6) What do the Israelis want? What do Hamas want? Israel wants survival and secure borders in a region where they perceive that the vast majority want to wipe them out. If 1,500 rockets fell on the area between Edinburgh and Glasgow in one week, you could understand their fears! Likewise most of the Palestinians want a home and a land they could call their own. But Hamas are different. Why? It is their stated policy to wipe out not Israel but the Jews – this is from their 1988 charter which they still uphold – Article 7: “the time will come until Muslims fight the Jews and kill them; until the Jews hide behind rocks and trees, which will cry, O Muslim! There is a Jews hiding behind me, come and kill him”. They want “the banner of Allah to be raised over every inch of Palestine”.

7) Why are so many people so anti-Israel? There is a deep-rooted ingrained hatred of Israel and the Jews. It is no coincidence that the vast majority of anti-Semitic crimes in Europe and the UK are perpetrated by Muslims. Mehdi Hasan, a Muslim writer, is clear: “It pains me to have to admit this but anti-Semitism isn’t just tolerated in some sections of the British Muslim community; its routine and commonplace.” I can think of one ‘liberal’ Muslim friend who told me that she would not go and see Schindler’s List with me, because it was ‘Jewish propaganda’.

But there is also a strong political right wing and left wing anti-Jewish tradition in European society. People will tell you they just care about innocent children being murdered and they are just boycotting a theatre group because they are part of that. But if that were true why are people not on the streets protesting about the 200,000 killed in Syria, or the hundreds being killed in Ukraine, or the massacres of Christians in Iraq? Why not boycott China, Russia, Sudan, etc.? The reason is a bit complicated but is combined with the Islamic hatred of Israel, and traditional antisemitism that has been prevalent in Europe for hundreds of years. People say they don’t hate the Jews – they just hate Israel – but Israel is a Jewish state and therefore it is very easy to feed antisemitism. Can you imagine what would happen if George Galloway said that he wanted a ‘French Free Zone’, or an Islamic Free Zone’? But an Israeli Free Zone somehow seems acceptable! Who would have thought, given recent history that in the 21st century people would be marching on Berlin’s streets shouting ‘death to the Jew’?!

8) What does the Bible say? It is amazing to me how some branches of the Church are so certain about this. Often you will get some mainstream churches making pronouncements against Israel but keeping silent about Hamas. That just does not make sense. Equally you will get others – especially the more zealous Christian Zionists – who regard anything other than full-hearted endorsement of anything Israel does as equivalent to denial of the divinity of Christ. The situation is surely more complex than that. Personally I think that the return of the Jews to Israel is something to do with God! But I don’t buy into the more extreme Christian Zionism. I do feel that there is still a special place for the Jews. But that they, like the Jews of the first Century (Paul, Peter, James, John, Mary etc.) still need Jesus as their saviour. I cannot identify the current nation state of Israel with the Judah of the Old Testament, but neither can I believe that God has forgotten his people.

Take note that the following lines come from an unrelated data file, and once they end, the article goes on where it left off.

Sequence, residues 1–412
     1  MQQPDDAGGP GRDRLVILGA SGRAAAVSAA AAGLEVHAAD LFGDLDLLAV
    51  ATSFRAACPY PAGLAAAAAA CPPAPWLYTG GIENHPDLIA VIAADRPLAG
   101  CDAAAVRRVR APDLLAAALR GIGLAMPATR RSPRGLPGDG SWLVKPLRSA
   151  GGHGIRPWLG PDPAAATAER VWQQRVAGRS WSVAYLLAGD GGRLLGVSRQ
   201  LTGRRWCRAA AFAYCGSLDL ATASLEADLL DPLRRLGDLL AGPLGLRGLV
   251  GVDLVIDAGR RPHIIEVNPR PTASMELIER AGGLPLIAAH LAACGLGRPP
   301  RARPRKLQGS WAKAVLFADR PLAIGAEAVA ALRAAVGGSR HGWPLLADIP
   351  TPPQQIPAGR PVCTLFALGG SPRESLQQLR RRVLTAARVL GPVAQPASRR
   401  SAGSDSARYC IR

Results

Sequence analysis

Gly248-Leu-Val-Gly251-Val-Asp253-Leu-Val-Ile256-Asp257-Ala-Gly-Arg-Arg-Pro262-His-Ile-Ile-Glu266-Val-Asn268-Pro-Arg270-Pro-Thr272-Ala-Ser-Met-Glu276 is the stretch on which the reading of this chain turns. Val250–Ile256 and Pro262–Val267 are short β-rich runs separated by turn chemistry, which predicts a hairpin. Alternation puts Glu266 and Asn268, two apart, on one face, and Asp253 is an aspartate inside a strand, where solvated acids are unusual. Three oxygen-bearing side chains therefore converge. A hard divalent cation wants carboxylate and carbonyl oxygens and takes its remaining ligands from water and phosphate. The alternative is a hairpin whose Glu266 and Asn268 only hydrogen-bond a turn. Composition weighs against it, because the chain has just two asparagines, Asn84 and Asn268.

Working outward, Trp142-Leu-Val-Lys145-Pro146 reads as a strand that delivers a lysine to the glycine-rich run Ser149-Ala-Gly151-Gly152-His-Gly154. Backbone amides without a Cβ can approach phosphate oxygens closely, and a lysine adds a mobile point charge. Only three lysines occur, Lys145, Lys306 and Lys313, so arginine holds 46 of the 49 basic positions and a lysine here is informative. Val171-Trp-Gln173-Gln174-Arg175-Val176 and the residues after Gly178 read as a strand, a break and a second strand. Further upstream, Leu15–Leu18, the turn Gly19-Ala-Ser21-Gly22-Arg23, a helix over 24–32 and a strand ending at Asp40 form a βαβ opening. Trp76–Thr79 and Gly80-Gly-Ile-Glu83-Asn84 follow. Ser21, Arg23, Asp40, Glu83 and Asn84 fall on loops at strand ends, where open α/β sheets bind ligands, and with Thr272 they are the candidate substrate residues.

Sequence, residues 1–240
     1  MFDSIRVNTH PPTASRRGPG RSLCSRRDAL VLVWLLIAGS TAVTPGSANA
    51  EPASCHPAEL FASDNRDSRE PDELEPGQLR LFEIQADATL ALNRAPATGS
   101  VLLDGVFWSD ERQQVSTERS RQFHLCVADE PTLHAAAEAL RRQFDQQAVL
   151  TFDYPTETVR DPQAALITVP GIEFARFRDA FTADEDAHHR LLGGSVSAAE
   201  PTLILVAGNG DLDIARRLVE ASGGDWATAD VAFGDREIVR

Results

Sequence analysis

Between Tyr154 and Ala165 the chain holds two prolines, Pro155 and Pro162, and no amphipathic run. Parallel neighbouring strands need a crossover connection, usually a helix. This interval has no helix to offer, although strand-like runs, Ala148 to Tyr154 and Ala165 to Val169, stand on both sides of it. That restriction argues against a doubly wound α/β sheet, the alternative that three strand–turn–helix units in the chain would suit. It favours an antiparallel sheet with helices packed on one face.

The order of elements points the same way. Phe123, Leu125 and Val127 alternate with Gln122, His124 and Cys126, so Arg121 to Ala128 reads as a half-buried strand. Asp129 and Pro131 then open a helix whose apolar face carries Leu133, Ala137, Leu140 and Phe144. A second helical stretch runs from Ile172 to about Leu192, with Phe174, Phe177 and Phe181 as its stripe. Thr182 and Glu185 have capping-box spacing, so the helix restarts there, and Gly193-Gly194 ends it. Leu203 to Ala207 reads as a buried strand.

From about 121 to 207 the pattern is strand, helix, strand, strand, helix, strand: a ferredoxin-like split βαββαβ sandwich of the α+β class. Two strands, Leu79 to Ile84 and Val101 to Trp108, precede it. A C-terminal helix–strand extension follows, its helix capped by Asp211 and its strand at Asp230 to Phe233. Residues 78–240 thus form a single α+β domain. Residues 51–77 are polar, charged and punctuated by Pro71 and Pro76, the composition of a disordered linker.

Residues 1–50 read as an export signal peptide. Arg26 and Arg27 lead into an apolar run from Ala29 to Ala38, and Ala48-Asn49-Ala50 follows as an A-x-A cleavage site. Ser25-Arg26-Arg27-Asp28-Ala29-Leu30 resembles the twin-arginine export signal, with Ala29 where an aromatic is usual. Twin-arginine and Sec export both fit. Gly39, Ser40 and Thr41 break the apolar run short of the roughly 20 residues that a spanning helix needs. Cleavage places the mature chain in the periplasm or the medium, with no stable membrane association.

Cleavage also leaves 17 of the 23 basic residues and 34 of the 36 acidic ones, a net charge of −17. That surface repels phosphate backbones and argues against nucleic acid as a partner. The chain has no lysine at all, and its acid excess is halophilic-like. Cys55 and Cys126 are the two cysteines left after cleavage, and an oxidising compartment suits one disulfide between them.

9) What solutions could there be? The extremes are obvious. Either get rid of the Palestinian state, or get rid of the Jewish state. Neither is an option for any humane Christian. What about the two state solution? We are trying that but given the ideology of Hamas, and the fears of Israel that is going to be hard to achieve. Many Western liberals are too optimistic. They think if only we got rid of Israel’s weapons then everything would be fine. It won’t. In fact no matter which angle you take on it there does not appear to be a solution. I think that is mainly because this is a human situation – full of sin and sorrow. It needs a saviour.

10) So what can we do? Firstly pray for the peace of Israel. And Gaza. Secondly we must proclaim and live the good news to both Jews and Muslims. We must hate nor blame either but instead point them, as our fellow sinners to Christ. Thirdly we can offer as much real aid and support, as we do weapons, to those caught up in this crisis. And please can we stop supplying the hate merchants with more ammunition!

For a more detailed discussion, listen to this podcast produced by Solas.